A Step Toward a Universal Flu Vaccine
Researchers develop an influenza vaccine that offers protection to several flu strains in non-human primates.
Each year, we’re hit by flu season. Flu (or influenza) infections reach a peak during the winter months. Fever, runny nose, sore throat, aching muscles, coughing, we’ve all been there.
(This year has been a bit special with much fewer recorded cases. That’s because COVID-19 measures are effective against the spread of the flu as well. Social distancing, masks… All good preventative measures again respiratory viruses.)
Still, on average the flu costs between 300,000 and 650,000 lives per year, mostly in the 65+ age group.
Fortunately, we have flu vaccines.
But… we need new ones every year. Flu is a sneaky virus. It mutates rather rapidly, so the vaccines we use now, might be ‘outevolved’ by next year’s flu.
The reason for this is that flu viruses have two types of ‘spikes’ on their surface, hemagglutinin (HA) and neuraminidase (NA) proteins. Both these proteins accumulate changes over time via mutations (antigenic drift), but flu strains can also exchange these proteins (antigenic shift).
Basically, flu strains can mix-and-match their surface proteins to escape vaccines and become infectious.
These HA’s and NA’s are also used to give flu strains their name. For example, the 1977 Spanish flu is H1N1, the 2004 bird flu is H5N1, and so on.
No wonder that a universal flu vaccine is somewhat of a holy grail in infectious disease prevention.
One step closer
A new study now brings us one step closer to this holy grail.
The researchers developed a vaccine comprised out of headless hemagglutinin stabilized-stem immunogens (antigens that elicit an immune reaction) presented on ferritin nanoparticles. Together with adjuvant AF03, which boosts the efficacy of the vaccine, this elicited broadly neutralizing antibody responses in non-human primates.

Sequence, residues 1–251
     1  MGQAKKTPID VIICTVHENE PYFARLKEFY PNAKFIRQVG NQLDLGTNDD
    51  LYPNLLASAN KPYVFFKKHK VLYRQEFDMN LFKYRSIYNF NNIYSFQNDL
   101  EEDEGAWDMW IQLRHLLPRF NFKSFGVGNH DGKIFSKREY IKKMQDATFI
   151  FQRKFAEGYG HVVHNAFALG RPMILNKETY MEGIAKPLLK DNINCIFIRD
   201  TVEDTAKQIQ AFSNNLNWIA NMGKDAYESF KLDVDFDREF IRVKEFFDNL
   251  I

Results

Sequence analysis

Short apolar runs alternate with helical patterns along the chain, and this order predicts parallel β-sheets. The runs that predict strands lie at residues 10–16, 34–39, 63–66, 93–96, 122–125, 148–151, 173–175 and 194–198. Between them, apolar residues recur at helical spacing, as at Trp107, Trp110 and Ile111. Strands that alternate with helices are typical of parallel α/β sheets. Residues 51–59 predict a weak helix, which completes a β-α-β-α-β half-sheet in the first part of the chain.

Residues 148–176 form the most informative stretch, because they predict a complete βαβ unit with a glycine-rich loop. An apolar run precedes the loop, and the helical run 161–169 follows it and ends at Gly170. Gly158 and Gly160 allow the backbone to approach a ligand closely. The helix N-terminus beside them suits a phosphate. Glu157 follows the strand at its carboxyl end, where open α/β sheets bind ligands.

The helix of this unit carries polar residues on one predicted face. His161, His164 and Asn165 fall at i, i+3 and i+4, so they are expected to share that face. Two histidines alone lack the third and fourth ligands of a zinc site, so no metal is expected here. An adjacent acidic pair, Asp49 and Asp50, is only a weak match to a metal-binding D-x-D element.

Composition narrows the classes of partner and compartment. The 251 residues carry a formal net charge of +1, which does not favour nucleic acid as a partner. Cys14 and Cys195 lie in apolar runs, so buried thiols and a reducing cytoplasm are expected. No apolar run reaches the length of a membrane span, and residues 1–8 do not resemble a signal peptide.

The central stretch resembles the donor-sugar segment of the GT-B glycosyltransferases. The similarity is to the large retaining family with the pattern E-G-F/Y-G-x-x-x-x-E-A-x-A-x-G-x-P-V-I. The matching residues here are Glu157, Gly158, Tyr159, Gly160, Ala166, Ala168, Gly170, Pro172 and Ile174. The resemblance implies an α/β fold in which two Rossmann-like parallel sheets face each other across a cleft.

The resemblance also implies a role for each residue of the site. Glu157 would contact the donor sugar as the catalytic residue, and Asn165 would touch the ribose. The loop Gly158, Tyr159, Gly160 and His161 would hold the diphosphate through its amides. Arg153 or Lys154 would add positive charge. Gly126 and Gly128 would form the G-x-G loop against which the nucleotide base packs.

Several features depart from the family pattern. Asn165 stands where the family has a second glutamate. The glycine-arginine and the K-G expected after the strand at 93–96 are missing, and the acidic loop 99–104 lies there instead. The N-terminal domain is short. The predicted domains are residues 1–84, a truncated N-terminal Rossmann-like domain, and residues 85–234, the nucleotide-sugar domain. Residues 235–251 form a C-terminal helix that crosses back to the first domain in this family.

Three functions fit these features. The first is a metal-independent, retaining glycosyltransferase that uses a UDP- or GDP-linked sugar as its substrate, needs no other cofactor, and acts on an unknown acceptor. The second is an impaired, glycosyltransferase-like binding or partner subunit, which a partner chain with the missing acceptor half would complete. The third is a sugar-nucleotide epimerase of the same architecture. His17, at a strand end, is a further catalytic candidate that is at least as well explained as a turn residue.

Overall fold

Most H1 and H3 viruses could be thwarted by the antibodies produced in response to this new vaccine.
Pretty good news.
Of course, non-human primates are — obviously — not human, and the authors acknowledge this.
For example, to recognize antigens most human antibodies have a region called immunoglobulin heavy variable 1–69 (IGH1–69), which does not occur in the antibodies of other primates. These primates, though, have other gene families that could compensate for this.
This doesn’t mean that the vaccines won’t work, but it’s not yet a slam dunk. Still a great step forward, which warrants the scientists’ conclusion.
Antibodies elicited by these headless HA stabilized-stem vaccines neutralized diverse H1 and H3 influenza viruses and shared a mode of recognition analogous to human bnAbs, suggesting that these vaccines have the potential to confer broadly protective immunity against diverse viruses responsible for seasonal and pandemic influenza infections in humans.
The vaccine is now in clinical trials.